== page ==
I Am A Wild Thing (story)

I don’t remember much from my early life, and what memories I do have are made up of blurred images and vivid smells. I don’t recall how I came to live in the forest any more than you may remember being born. I was merely a cub; one shaped very differently from the rest of my litter, pale and bare of skin where they were heavily furred; but still one of them, one of the pack.

Time as you know it was nonexistent, aside from night and day. Hunt, eat, sleep, play, run: those were our hours; and once in a while there were the hours of hide and sneak, when the pack brushed against the unnatural presence of creatures shaped similarly to myself. They smelled terrifying and alien, the air trailing after them a sharp cloying cloud that made my nose burn. They had peculiar furs and moved about on only two legs, or on the backs of tall beasts that stunk of fear and smelled like food, or in moving caves that swayed on their odd rolling feet as they made their way through our territory on clear-cut paths. The Alpha always did his best to keep us well away from them, but we occasionally crossed signs of their passage. We picked through the scraps of their leavings, sniffing cautiously for disguarded foodstuff, and sometimes I would find strange objects among the refuse: a collection of leaves covered with markings and stuck together; an object, hard, but clear like water, that fell open when I nudged it and spilled an eye-burning, poisonous-smelling liquid that reminded me of the female creatures, and which made the others skittish enough to retreat; and once, a stone in the shape of a wolf, small enough to fit in one of my hands. That one I kept, carrying it back to the cave where we slept that season and burying it in a corner. My packmates avoided it until the smell of the creatures had dissipated, and then were simply dissinterested.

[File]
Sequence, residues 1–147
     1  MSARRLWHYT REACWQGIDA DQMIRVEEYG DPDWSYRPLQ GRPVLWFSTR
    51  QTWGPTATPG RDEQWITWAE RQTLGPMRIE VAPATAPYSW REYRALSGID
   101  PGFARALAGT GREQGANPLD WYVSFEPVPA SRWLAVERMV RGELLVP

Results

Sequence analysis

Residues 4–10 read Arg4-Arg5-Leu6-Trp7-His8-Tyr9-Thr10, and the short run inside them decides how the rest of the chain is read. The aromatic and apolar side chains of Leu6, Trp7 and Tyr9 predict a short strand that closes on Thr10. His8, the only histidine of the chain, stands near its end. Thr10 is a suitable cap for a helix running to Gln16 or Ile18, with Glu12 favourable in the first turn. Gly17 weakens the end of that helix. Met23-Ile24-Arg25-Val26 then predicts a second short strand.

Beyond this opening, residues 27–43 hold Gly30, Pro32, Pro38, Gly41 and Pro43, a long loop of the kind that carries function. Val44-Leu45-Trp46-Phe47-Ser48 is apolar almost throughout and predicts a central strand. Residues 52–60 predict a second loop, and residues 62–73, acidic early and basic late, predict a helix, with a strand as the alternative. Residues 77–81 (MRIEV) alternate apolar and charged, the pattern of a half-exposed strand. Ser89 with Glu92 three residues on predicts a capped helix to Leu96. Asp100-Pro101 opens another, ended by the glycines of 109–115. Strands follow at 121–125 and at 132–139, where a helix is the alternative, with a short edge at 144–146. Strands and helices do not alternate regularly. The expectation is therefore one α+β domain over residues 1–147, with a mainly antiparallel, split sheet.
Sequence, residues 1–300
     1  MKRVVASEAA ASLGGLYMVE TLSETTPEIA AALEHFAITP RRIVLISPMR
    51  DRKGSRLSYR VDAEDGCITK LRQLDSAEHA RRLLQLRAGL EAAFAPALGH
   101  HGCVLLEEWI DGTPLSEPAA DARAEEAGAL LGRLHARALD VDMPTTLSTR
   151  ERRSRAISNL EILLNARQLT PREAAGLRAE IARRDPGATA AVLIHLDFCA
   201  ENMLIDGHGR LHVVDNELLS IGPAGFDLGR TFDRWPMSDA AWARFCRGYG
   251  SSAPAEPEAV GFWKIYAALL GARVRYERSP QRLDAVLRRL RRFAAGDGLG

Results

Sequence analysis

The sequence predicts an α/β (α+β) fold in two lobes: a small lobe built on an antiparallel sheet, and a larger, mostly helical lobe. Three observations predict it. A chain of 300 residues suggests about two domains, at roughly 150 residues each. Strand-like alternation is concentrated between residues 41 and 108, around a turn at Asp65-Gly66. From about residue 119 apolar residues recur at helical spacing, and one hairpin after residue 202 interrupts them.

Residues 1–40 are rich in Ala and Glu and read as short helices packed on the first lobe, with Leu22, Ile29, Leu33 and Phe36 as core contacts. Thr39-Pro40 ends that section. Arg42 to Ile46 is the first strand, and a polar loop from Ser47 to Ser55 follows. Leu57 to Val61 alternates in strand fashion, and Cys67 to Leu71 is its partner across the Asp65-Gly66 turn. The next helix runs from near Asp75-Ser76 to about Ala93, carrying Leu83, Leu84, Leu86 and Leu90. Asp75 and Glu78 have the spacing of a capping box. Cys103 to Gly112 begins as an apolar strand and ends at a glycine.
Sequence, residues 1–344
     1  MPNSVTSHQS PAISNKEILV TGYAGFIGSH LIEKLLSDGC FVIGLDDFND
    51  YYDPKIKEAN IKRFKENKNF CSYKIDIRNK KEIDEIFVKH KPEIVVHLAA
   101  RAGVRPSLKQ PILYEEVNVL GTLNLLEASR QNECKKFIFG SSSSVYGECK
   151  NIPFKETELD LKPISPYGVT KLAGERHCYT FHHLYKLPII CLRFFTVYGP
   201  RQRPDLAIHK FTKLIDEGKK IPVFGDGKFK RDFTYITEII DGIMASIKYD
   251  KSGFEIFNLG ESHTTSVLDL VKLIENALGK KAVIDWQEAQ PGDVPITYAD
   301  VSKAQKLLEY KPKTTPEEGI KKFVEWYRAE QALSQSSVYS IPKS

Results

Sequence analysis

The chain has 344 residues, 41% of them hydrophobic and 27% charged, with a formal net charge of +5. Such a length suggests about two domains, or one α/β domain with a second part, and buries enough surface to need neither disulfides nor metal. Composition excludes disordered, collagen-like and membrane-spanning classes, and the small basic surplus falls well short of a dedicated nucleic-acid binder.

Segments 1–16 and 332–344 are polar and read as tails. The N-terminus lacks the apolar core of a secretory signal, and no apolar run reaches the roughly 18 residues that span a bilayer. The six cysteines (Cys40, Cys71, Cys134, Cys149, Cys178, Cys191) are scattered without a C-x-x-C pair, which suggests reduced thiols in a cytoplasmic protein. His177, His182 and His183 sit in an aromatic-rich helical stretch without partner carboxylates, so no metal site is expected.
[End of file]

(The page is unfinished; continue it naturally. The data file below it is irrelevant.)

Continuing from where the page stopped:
I would dig it up occasionally and look at it while the others played or rested around me. It was smooth gray stone, and the wolf stood alert, head up and ears raised and foward, tail down. I would run my finger over the texture of its fur, hard gouges in the stone’s surface, as if tiny, tiny claws had been raked across it. That was the first time I remember ever being truly curious about the tall walkers, that they might create such a thing, and I wondered how it was done.

And that’s the beginning of this character history-run-rampant. This started as a concept for a table-top roleplaying character, and has evolved into an exercise in trying to create a sympathetic anti-hero. We’ll see how long she’ll manage to stay that way, anyway. Stay tuned for more as I work on it.